Was Halloween cancelled this year?
The views and opinions expressed in this article are those of the author and do not necessarily reflect the official policy or position of InQuire Media
Image courtesy of HBO
Halloween is a highlight of a Kent student's autumn term. With the first deadlines looming or just passed, an ever-present desire for catharsis and excitement hangs over campus. Throughout October, students notice the typical orange and black decorations, pumpkin-themed merchandise, and advertisements for ‘spooky’ events crop up both on and off-campus. For many incoming students, this is one of their first festive events at university, marking an important point alongside Fresher’s Week and Christmas, in their timeline of fond memories.
“Halloween in my second year was one of my best memories from uni’, I was told by former Kent student Claudia Parker. “My friends and I all dressed up” (herself as Britney Spears) “and went on a pub crawl. There were loads of costumed students in big groups having a good time”.
Due to the COVID-19 pandemic, the same level of festivities did not take place this year. Local event organisers and Kent Union tried their best to salvage All Hallow’s Eve, but their Venue-based socially distanced ‘Scare Maze’, which was essentially a one-way sanitised group walk with an occasional jump scare, proved to be rather dry. More large-scale events like Margate’s ‘Screamland’ still took place, but they noticeably did not advertise students’ discounts on campus like in previous years. Canterbury’s nightclubs like Chemistry and Tokyo Tea Rooms still arranged some Halloween events, but they could do little to ‘spook’ up the night whilst adhering to current regulations.
With the additional blow that trick-or-treating, although not usually a student activity, was also prohibited, the only semblance of a Halloween experience students got this year was in small groups and likely at home. This year may have been the drink-fuelled jamboree it normally is, but Kent students did not go without.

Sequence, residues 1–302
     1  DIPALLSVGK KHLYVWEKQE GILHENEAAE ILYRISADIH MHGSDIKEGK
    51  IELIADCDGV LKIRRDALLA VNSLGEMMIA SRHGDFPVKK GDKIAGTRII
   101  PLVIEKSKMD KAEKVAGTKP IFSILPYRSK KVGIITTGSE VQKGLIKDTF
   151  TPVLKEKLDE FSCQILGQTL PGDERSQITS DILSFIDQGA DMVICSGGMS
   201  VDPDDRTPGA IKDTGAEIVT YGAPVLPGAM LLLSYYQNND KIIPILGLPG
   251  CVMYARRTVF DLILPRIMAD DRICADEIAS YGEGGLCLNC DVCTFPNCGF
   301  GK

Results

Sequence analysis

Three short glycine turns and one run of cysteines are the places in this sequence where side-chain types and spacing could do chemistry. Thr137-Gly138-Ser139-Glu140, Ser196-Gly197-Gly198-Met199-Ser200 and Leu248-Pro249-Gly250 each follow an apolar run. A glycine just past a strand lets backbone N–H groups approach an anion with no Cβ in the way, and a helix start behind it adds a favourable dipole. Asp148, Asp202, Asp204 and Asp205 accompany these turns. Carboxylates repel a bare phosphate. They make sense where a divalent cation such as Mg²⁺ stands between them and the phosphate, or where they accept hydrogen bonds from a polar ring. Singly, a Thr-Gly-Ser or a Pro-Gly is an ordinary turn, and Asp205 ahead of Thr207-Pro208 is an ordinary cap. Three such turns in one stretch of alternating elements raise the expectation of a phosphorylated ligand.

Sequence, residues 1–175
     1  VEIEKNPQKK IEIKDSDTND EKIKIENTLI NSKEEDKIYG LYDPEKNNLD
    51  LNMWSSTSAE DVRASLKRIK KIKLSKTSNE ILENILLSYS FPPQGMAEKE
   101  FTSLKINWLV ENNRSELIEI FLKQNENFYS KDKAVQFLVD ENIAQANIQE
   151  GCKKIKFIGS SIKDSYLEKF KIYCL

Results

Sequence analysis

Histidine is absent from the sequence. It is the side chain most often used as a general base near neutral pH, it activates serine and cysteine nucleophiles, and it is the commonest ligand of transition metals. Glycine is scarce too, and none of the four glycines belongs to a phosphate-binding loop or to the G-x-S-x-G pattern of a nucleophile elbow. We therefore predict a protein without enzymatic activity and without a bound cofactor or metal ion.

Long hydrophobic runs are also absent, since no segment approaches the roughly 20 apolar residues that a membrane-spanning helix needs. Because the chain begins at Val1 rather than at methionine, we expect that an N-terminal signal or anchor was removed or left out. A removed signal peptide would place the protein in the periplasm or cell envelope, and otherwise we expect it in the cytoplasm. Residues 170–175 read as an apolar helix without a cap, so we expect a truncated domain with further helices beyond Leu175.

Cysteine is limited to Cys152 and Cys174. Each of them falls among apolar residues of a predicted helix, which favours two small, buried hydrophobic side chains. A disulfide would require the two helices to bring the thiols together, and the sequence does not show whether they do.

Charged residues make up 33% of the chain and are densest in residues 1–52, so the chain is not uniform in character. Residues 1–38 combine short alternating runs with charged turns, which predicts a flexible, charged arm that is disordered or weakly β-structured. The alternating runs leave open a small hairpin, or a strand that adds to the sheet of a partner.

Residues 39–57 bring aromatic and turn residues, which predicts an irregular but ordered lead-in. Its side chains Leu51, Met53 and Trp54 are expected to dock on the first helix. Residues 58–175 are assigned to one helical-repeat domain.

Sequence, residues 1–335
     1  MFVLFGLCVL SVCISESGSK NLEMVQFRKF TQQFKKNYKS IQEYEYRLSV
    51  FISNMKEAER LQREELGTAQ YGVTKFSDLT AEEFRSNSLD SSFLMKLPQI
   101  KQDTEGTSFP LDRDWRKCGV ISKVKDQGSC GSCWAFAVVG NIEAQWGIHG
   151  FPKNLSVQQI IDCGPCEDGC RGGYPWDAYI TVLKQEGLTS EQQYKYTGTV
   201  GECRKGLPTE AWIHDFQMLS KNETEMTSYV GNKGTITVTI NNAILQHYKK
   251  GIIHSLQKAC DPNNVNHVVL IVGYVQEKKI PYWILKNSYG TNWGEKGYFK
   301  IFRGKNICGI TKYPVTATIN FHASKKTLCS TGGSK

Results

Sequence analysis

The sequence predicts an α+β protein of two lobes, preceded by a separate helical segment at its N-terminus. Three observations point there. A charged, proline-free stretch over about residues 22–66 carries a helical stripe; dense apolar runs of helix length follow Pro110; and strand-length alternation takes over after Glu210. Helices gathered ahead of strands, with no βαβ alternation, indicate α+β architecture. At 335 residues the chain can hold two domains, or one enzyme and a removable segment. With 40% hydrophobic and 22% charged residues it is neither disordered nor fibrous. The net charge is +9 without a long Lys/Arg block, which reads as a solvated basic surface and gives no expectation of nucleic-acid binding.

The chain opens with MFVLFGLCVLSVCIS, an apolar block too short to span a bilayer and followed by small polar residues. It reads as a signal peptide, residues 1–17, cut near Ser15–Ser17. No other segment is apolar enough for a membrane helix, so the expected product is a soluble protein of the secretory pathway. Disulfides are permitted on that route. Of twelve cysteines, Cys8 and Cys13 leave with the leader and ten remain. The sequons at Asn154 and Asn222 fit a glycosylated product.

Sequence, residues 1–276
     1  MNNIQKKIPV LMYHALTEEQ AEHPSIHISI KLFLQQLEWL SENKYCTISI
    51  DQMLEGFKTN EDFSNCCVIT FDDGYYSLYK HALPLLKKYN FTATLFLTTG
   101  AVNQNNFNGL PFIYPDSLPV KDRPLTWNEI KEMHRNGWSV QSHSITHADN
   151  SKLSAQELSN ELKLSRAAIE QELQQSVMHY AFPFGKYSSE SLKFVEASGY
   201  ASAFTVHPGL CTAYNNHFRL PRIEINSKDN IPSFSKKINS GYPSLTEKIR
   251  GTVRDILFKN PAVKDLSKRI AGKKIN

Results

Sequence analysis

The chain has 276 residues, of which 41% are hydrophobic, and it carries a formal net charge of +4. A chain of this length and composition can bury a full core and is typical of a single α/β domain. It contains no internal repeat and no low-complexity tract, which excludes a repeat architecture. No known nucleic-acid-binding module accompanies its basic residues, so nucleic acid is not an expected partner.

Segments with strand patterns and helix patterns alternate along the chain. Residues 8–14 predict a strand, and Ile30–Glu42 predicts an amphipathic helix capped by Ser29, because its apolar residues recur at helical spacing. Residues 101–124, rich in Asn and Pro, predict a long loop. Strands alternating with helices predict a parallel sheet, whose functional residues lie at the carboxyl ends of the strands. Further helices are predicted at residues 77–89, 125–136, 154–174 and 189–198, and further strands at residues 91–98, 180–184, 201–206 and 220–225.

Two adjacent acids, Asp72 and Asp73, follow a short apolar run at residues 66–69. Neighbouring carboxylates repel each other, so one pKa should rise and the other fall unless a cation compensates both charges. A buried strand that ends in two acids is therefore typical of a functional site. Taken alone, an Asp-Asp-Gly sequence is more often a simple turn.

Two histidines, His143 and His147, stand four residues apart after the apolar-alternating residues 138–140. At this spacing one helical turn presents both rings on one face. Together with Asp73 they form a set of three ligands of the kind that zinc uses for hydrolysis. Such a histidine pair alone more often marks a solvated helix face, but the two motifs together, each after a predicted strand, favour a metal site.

Having experienced Halloween at Kent since 2017, I can truly say that the best experiences come not from the events, but from the effort put in. As exciting as going out and partying in a horror-themed masquerade seems, what makes the evening more memorable is what you make out of it. I remember more fondly than anything else the hilarity of seeing friends arrive in garish matching outfits, or when my girlfriend and I were cheap and went as characters from The Office US, signified only by clipped on post-it notes. The rest of the evening was just a busier and more decorated club-night, with the occasional Halloween song or drink, with some ‘spooky’ activities like apple-bobbing thrown in for effect.
Instead of lamenting what you missed, instead, think about how you made your Halloween unique. Hosting a themed party where all your five guests must come as characters from a certain franchise, with rewards and punishments for the best and worst is a great alternative to going out clubbing. Or arranging a socially distanced trick-or-treat with your student neighbours. Families in Thanet made similar arrangements with their ‘Thanet Pumpkin Trail’, which features a pumpkin system that makes clear who does and does not want to participate. Failing all that, just picking up pumpkins from a local farm and watching a scary movie steeped in the darkness of your kitchen is as good a Halloween plan as any other.
We had to make the best of Halloween this year and only we could have made it great, doing everything within our control to make up for an unusual twist to the festivities. When you look back on Halloween 2020, it will not be the drinks or music that stand out, it will be the people and the effort you all put in to make it special for each other.